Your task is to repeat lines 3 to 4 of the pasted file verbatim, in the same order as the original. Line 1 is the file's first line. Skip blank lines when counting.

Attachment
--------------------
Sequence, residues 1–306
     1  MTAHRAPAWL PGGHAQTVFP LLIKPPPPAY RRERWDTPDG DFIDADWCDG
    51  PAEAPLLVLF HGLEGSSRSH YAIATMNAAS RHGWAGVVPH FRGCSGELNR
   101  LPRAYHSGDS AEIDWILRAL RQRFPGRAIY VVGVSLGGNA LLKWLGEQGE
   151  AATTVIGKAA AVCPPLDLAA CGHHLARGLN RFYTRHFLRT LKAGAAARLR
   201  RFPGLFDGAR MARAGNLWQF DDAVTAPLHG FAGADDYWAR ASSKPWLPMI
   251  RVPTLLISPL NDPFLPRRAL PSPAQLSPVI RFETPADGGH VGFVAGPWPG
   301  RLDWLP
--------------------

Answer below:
    51  PAEAPLLVLF HGLEGSSRSH YAIATMNAAS RHGWAGVVPH FRGCSGELNR
   101  LPRAYHSGDS AEIDWILRAL RQRFPGRAIY VVGVSLGGNA LLKWLGEQGE